Results of a pair of California judicial rulings going back as far as two decades indicates plowing and deep ripping may violate federal environmental laws in some instances.
While results from these snafus aren’t necessarily conclusive when it comes to banning plowing, the precedents worry many farmers and ag groups. They maintain these rulings could require farmers to obtain costly and time-consuming permits to work their land. Even for no-tillers who don’t see the benefits of plowing, there are concerns about the government’s role in agriculture.
$45 Million in Penalties?
In 2012, John Duarte, who owns Duarte Nursery in Modesto, Calif., bought 450 acres near Red Bluff in northern California. Because the property included a few wetland acres, Duarte hired a consulting firm to map out areas that were not to be plowed. While a few wetlands areas were accidentally worked to a depth of 4-7 inches, there was no significant damage.
So Duarte was totally surprised when he faced a $2.8 million fine for failing to get a permit for plowing before seeding wheat. Duarte sued the Army Corps of Engineers and the California Central Valley Regional Water Quality Control board, maintaining they violated his constitutional right of due process by issuing cease and desist orders that kept him from harvesting the wheat. The U.S. Attorney’s Office countersued to enforce the Clean Water Act violation, despite the fact that farmers plowing their fields are exempt from the rules.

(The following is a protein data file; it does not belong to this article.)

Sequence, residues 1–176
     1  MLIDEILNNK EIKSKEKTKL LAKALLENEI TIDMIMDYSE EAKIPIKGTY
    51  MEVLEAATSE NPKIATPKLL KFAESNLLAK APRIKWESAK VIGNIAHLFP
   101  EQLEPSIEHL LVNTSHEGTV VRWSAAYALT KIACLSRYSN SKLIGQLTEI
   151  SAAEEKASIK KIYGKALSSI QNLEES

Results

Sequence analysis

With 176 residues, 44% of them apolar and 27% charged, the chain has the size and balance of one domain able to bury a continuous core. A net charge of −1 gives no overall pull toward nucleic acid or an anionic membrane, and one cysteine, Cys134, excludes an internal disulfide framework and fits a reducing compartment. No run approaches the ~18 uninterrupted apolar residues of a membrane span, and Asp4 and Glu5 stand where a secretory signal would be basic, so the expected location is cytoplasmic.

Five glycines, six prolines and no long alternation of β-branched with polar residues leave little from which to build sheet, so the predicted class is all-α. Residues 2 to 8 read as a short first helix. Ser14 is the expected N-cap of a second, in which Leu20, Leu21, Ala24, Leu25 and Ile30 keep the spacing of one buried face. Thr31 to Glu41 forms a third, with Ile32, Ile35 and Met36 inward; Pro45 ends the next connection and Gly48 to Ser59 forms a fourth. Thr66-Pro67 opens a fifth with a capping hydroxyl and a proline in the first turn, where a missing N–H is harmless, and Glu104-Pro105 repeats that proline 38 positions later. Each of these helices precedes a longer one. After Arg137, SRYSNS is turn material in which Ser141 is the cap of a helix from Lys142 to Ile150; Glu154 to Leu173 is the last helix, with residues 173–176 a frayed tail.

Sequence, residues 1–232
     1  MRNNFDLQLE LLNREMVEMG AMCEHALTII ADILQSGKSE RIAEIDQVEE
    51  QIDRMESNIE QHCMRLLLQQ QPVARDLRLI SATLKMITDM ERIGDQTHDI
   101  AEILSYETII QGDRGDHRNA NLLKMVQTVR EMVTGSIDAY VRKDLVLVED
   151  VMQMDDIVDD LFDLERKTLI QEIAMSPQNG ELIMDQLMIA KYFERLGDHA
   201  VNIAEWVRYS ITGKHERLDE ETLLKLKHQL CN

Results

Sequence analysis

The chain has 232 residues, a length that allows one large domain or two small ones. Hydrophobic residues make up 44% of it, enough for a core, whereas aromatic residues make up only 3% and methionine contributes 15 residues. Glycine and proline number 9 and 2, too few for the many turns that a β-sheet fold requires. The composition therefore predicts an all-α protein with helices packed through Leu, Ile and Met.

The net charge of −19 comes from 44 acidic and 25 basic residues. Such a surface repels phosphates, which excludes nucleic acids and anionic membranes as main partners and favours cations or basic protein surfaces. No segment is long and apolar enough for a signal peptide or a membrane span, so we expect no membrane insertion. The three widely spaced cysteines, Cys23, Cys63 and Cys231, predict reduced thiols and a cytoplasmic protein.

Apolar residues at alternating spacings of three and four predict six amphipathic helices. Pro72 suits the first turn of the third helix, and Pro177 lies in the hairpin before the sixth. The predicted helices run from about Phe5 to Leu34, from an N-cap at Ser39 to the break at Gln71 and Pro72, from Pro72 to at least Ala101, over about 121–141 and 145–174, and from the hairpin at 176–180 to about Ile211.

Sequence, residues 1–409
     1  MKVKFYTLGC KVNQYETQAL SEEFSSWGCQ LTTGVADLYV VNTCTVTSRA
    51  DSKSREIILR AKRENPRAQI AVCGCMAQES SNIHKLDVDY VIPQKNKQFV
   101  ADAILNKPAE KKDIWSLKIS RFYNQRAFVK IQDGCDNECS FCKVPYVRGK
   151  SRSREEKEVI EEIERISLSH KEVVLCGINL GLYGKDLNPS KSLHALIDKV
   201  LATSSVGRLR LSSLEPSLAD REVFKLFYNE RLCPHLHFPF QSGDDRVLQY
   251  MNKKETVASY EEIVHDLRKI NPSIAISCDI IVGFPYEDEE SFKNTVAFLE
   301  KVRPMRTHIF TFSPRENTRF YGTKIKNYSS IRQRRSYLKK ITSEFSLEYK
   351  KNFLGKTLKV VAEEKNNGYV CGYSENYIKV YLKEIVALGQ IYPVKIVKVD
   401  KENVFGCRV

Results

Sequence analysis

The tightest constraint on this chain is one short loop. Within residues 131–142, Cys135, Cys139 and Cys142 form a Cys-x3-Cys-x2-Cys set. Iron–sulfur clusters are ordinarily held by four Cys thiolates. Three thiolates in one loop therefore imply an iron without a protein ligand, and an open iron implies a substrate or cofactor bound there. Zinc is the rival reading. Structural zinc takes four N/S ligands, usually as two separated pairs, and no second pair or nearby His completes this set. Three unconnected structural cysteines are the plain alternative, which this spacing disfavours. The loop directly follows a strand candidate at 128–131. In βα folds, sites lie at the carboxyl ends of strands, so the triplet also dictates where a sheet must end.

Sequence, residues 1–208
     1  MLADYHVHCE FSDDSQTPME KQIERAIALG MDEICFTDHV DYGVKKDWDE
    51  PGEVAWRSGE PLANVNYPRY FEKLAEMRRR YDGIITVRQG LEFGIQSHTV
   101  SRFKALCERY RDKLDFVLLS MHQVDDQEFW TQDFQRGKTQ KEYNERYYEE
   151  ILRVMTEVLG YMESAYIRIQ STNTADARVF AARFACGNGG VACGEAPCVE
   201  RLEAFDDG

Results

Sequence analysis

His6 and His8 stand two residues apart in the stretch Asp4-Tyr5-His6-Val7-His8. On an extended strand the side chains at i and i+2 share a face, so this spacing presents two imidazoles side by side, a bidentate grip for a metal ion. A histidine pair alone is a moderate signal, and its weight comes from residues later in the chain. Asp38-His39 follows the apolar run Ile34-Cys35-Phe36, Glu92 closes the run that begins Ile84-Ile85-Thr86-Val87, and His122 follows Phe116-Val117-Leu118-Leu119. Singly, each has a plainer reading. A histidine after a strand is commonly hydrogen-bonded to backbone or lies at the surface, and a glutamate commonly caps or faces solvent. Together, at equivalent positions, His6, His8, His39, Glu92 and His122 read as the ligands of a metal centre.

Faced with immense legal and business risks and a government threat of up to $45 million in future penalties, Duarte settled in August of 2017. Under the agreement, he admitted no liability, but agreed to pay a $330,000 civil penalty, purchase $700,000 of vernal pool mitigation credits and perform additional wetland work.
Clean Water Case.
In 2000, a federal judge fined Galt, Calif., farmer Angelo Tsakopoulos $1.5 million for “deep plowing” land being converted to vineyards and orchards. The judge ruled deep plowing from 1995-97 resulted in 358 violations of federal law.
The judge gave him the choice of paying a $1.5 million fine or spending $500,000 to finance a 4-acre environmental restoration.
Should You Be Concerned?
Don’t think something similar couldn’t happen to you. Hopefully, Washington bureaucrats will rescind many of the crazy rules put in place over the past decade. And nobody wants the government telling you how to no-till.